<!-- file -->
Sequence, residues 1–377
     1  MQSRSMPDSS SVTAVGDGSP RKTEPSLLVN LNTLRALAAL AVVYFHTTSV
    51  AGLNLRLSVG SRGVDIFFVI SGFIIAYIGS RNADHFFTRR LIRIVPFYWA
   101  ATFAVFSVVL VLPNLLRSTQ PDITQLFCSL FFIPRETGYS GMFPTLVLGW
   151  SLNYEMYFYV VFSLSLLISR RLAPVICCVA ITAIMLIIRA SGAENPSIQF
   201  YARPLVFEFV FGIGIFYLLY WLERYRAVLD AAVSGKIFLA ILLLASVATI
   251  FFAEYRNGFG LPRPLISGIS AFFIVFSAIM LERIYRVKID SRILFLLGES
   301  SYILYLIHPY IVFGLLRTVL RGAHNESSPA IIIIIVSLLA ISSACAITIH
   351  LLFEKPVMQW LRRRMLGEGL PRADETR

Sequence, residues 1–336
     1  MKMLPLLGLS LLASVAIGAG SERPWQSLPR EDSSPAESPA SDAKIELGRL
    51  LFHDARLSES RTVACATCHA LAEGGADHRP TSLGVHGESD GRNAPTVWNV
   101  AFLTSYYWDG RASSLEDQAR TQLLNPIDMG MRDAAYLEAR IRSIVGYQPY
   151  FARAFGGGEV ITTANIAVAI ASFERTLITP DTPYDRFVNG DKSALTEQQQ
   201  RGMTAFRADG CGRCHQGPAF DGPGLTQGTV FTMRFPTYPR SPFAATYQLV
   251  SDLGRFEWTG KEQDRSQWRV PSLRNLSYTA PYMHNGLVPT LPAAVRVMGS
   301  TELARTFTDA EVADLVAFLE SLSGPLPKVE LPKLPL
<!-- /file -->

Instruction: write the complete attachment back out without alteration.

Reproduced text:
Sequence, residues 1–377
     1  MQSRSMPDSS SVTAVGDGSP RKTEPSLLVN LNTLRALAAL AVVYFHTTSV
    51  AGLNLRLSVG SRGVDIFFVI SGFIIAYIGS RNADHFFTRR LIRIVPFYWA
   101  ATFAVFSVVL VLPNLLRSTQ PDITQLFCSL FFIPRETGYS GMFPTLVLGW
   151  SLNYEMYFYV VFSLSLLISR RLAPVICCVA ITAIMLIIRA SGAENPSIQF
   201  YARPLVFEFV FGIGIFYLLY WLERYRAVLD AAVSGKIFLA ILLLASVATI
   251  FFAEYRNGFG LPRPLISGIS AFFIVFSAIM LERIYRVKID SRILFLLGES
   301  SYILYLIHPY IVFGLLRTVL RGAHNESSPA IIIIIVSLLA ISSACAITIH
   351  LLFEKPVMQW LRRRMLGEGL PRADETR

Sequence, residues 1–336
     1  MKMLPLLGLS LLASVAIGAG SERPWQSLPR EDSSPAESPA SDAKIELGRL
    51  LFHDARLSES RTVACATCHA LAEGGADHRP TSLGVHGESD GRNAPTVWNV
   101  AFLTSYYWDG RASSLEDQAR TQLLNPIDMG MRDAAYLEAR IRSIVGYQPY
   151  FARAFGGGEV ITTANIAVAI ASFERTLITP DTPYDRFVNG DKSALTEQQQ
   201  RGMTAFRADG CGRCHQGPAF DGPGLTQGTV FTMRFPTYPR SPFAATYQLV
   251  SDLGRFEWTG KEQDRSQWRV PSLRNLSYTA PYMHNGLVPT LPAAVRVMGS
   301  TELARTFTDA EVADLVAFLE SLSGPLPKVE LPKLPL